Moreover, why did the Hasnath stickers provoke howls of rage from the LGBT community, when far worse homophobia in the same area of East London stirred hardly a murmur of protest? I don't recall any campaigns by LGBT groups or anti-fascist organisations in response to the wave of horrific queer-bashing attacks in the East End. Surely this actual physical violence - which left at least one gay man permanently disabled - is much more deserving of protests than a few stickers? Where is the LGBT outcry over homophobic assaults?

Nor can I remember any protests when the East London Mosque / London Muslim Centre hosted a series of virulently homophobic speakers, including Uthman Lateef and Abdul Karim Hattim. The latter gave lecturers in which he invited young Muslims to "Spot the Fag." Watch here.

The East London Mosque / London Muslim Centre helped create the atmosphere of hatred that has poisoned the minds of many Muslim youths, probably including Hasnath who worshipped there. They have never apologised for hosting homophobic hate preachers and have never given any assurances that they will not host them again in the future. Apart from OutRage!, no LGBT groups have publicly demanded that they do so. Why the silence from LGBT organisations that are supposedly dedicated to fighting homophobia?

Equally, there were no protests when Abdul Muhid openly incited the murder of gay people in East London and when the Crown Prosecution Service refused to bring him to trial. In my opinion, encouraging murder is many times more serious and dangerous than calling for a Gay Free Zone. Again, no protests by LGBT groups.

When OutRage! stood alone in challenging Muhid and the East London Mosque /London Muslim Centre we were denounced by some people as racists andIslamophobes. This is nonsense. We never attacked anyone because of their race or religion. We condemned their homophobia, in the same way that wecondemn the homophobic bigotry of fundamentalists of all faiths.

Many LGBT campaigners are now terrified of similar false, malicious allegations of racism or Islamophobia. To avoid such smears, they shy away
from robust responses to homophobia when it comes from religious and racial minorities. This inaction is de facto collusion with homophobia.

For information about Peter Tatchell's human rights campaigns and to make a donation: www.petertatchell.net

Peter Tatchell is Director of the Peter Tatchell Foundation, which campaigns for human rights the UK and worldwide: www.PeterTatchellFoundation.org His personal biography can be viewed here: www.petertatchell.net/biography.htm

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How Theresa May laid a trap for herself on the immigration target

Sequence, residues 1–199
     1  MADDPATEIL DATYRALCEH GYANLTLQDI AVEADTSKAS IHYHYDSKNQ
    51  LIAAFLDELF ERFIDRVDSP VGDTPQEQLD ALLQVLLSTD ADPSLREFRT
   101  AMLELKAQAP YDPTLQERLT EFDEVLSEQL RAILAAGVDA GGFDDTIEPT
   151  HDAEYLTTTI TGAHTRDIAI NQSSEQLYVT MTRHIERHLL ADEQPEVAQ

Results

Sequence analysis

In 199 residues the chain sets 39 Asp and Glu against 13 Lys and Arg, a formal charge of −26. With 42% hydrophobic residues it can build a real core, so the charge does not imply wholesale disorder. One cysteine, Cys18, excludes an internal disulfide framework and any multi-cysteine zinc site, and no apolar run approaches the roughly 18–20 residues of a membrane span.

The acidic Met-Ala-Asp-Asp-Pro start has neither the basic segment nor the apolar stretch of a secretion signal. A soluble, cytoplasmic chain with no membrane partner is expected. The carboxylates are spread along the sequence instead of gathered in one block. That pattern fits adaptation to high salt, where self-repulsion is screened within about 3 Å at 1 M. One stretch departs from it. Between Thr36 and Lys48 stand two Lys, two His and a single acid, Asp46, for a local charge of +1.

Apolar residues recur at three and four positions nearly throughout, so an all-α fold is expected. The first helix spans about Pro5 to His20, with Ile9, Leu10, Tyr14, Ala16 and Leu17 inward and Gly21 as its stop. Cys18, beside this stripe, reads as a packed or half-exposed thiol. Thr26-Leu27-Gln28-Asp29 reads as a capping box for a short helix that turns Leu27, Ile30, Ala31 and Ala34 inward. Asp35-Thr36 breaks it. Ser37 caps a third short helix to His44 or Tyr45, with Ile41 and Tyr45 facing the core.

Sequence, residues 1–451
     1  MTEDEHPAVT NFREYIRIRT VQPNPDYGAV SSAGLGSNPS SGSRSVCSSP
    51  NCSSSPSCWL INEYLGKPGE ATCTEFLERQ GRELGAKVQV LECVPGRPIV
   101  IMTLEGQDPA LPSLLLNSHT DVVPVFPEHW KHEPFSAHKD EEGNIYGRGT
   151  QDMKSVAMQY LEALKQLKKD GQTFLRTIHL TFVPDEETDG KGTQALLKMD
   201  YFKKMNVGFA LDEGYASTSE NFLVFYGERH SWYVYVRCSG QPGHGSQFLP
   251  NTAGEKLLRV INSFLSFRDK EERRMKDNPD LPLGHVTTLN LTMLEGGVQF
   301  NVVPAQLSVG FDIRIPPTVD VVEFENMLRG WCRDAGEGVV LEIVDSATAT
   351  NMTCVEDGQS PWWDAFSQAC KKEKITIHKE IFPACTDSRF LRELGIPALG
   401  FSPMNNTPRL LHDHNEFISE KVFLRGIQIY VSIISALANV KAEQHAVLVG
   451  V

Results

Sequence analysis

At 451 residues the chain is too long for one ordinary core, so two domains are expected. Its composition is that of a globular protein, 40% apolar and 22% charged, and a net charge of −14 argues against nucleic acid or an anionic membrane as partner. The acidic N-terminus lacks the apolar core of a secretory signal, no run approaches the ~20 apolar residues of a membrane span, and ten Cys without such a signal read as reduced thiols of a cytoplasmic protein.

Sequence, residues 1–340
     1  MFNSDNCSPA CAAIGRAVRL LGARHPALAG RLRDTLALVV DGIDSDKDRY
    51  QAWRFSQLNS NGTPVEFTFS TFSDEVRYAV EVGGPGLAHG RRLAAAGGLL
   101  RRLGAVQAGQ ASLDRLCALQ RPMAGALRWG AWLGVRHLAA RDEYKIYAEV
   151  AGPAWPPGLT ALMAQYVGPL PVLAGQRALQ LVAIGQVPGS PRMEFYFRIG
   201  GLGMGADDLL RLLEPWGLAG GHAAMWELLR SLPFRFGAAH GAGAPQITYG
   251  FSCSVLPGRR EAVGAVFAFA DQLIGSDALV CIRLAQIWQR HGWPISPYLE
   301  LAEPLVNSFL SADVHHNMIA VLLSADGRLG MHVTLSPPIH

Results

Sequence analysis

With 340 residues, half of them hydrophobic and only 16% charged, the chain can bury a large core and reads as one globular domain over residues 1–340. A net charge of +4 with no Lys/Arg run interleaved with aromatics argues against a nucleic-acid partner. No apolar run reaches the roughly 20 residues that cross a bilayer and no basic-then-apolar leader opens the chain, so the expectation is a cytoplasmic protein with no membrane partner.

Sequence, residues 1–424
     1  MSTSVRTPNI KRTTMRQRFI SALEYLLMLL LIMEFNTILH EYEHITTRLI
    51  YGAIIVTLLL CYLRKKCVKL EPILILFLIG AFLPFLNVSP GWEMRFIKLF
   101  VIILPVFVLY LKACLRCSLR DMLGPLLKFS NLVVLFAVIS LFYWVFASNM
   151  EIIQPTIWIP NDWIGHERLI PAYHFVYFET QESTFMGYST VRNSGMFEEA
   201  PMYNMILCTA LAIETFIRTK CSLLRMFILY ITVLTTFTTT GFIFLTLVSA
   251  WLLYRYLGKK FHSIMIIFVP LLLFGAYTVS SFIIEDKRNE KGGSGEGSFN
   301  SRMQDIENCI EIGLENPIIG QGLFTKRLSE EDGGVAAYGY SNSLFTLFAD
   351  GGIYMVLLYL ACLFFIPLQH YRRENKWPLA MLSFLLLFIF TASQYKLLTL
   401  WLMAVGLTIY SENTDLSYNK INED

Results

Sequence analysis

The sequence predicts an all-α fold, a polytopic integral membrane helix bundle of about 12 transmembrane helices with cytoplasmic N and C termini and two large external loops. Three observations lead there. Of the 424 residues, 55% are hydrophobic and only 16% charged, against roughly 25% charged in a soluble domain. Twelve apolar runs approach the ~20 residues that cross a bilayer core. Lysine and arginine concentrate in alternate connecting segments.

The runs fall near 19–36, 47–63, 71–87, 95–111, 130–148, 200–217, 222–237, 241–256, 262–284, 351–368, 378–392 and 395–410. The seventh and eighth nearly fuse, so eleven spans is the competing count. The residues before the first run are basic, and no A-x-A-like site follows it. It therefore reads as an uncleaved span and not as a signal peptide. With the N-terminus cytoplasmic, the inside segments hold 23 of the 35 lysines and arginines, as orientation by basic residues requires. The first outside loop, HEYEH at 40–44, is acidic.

When Home Secretary, she insisted on keeping foreign students in the figures – causing a headache for herself today.

When Home Secretary, Theresa May insisted that foreign students should continue to be counted in the overall immigration figures. Some cabinet colleagues, including then Business Secretary Vince Cable and Chancellor George Osborne wanted to reverse this. It was economically illiterate. Current ministers, like the Foreign Secretary Boris Johnson, Chancellor Philip Hammond and Home Secretary Amber Rudd, also want foreign students exempted from the total.

David Cameron’s government aimed to cut immigration figures – including overseas students in that aim meant trying to limit one of the UK’s crucial financial resources. They are worth £25bn to the UK economy, and their fees make up 14 per cent of total university income. And the impact is not just financial – welcoming foreign students is diplomatically and culturally key to Britain’s reputation and its relationship with the rest of the world too. Even more important now Brexit is on its way.

But they stayed in the figures – a situation that, along with counterproductive visa restrictions also introduced by May’s old department, put a lot of foreign students off studying here. For example, there has been a 44 per cent decrease in the number of Indian students coming to Britain to study in the last five years.

Now May’s stubbornness on the migration figures appears to have caught up with her. The Times has revealed that the Prime Minister is ready to “soften her longstanding opposition to taking foreign students out of immigration totals”. It reports that she will offer to change the way the numbers are calculated.

Why the u-turn? No 10 says the concession is to ensure the Higher and Research Bill, key university legislation, can pass due to a Lords amendment urging the government not to count students as “long-term migrants” for “public policy purposes”.

But it will also be a factor in May’s manifesto pledge (and continuation of Cameron’s promise) to cut immigration to the “tens of thousands”. Until today, ministers had been unclear about whether this would be in the manifesto.

Now her u-turn on student figures is being seized upon by opposition parties as “massaging” the migration figures to meet her target. An accusation for which May only has herself, and her steadfast politicising of immigration, to blame.

Anoosh Chakelian is senior writer at the New Statesman.